I had heard probably heard Road To Rio a few times in passing before I found it on DE9. It was that sort of tune, and a paragon of the sort of track which became later known – somewhat dismissively – as the loopy banger. Techno was full of it at that time. What made Road To Rio different though was that it was a beautifully pulsing number, rich with little tribal touches that accented the groove and propelled it outwards in a way most others of the type could barely aspire to. Far from dumping a few functional elements on you over and over again, it coloured them in, and mounted them cleverly, getting the maximum out of the tools available. It contained a similar energy to that which informed Robert Hood’s earliest Floorplan excursions, and for a while, catching it in clubs, I assumed it was possibly the same producer. It wasn’t.

The artist was a guy called Arthur Smith, somebody who deserves to be very well-known in the wider history of British techno but isn’t. He’s always seemed happier behind the scenes. His best known work as a creator of electronic music continues to be the Santos Rodriguez guise, and his Grain material (also appearing on the mix), but his output has always been limited. Despite that, he’s had a major role in modern music far beyond the confines of techno. He had a big hand in the creation of dubstep, has involved himself in garage, and has written for, and produced some of the biggest names in music. Seriously, go check out his Discogs page.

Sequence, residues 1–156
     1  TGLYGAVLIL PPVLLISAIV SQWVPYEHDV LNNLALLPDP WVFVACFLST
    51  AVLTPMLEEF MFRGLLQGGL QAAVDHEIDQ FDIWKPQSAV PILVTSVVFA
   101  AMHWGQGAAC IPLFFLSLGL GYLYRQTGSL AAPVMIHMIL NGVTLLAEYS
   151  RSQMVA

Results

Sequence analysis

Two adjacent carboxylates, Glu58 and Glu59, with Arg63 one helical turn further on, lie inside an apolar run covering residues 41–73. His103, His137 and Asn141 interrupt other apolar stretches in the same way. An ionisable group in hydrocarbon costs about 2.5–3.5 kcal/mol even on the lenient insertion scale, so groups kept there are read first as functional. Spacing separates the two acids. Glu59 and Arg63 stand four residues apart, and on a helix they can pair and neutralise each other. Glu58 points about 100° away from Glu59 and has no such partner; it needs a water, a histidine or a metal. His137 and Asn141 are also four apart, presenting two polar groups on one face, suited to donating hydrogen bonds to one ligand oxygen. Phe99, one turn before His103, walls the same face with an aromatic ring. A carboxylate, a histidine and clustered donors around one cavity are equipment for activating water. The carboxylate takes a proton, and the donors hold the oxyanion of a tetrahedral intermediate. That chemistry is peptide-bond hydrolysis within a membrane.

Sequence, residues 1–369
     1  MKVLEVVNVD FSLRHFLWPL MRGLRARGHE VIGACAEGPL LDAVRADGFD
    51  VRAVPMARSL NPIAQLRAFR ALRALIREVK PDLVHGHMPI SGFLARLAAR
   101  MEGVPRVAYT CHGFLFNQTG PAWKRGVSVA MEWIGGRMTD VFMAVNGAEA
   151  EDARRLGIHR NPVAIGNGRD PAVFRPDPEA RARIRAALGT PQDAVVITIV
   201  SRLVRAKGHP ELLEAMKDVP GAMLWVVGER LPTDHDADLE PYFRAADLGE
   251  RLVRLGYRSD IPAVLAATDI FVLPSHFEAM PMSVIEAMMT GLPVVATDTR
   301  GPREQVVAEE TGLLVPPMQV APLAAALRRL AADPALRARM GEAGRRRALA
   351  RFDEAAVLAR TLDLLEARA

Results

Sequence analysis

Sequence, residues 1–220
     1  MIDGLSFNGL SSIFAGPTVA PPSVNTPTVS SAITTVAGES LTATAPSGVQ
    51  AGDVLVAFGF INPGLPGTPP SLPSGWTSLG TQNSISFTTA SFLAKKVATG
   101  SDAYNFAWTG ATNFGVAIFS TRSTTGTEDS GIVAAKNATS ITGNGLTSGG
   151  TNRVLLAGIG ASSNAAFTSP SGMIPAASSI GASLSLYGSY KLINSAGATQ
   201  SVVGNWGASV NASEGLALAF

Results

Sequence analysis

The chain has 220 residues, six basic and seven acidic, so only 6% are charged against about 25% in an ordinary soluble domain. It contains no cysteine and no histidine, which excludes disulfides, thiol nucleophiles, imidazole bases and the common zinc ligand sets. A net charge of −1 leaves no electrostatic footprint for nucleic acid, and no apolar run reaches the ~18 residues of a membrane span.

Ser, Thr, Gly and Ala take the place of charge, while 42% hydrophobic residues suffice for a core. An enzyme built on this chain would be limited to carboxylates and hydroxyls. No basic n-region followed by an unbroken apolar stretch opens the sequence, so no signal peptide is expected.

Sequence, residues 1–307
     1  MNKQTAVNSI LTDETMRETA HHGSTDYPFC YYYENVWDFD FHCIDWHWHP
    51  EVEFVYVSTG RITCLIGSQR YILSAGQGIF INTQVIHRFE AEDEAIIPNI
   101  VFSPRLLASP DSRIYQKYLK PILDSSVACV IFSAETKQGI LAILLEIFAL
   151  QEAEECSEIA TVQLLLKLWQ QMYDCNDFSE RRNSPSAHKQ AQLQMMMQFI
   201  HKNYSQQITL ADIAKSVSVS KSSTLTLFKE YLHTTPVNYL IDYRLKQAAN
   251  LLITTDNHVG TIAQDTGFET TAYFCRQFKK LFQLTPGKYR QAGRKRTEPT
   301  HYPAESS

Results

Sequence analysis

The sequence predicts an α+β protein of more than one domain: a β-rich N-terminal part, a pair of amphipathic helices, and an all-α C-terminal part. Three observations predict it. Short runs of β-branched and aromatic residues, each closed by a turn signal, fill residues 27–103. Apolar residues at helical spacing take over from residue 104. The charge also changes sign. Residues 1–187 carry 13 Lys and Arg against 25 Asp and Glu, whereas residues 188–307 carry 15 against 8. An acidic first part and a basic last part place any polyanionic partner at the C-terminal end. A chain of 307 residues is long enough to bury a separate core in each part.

Anyway. I don’t have any clever way of bringing it all together here, nor do I have any major point to make. I kinda screwed that up, huh? I’m really tired and want to eat some food. So go and listen to the tune. Cheers.

Friday Night Tune: The Shamen – Ebeneezer Goode

For all the love I have for house, techno, and all the other members of the family, I find sometimes you need something else to get you through the day. I probably never gave The Shamen quite as much attention as they deserved at the time. Like a lot of people who obsess over niche music, I was an aural snob from an early age and the official charts were a strange and disorienting territory.

But the late eighties and the early nineties were a watershed time in all sorts of ways. The influence of music coming from somewhere other than the boardroom meant for the first time in a very long time there was room at the top for the sorts of freaks and weirdoes who rarely got a look in. House music and Madchester were a double pronged assault on the status quo, and although neither had a very long stay at such lofty heights, they had a profound effect in the sort of music which would later bleed into the mainstream from outside.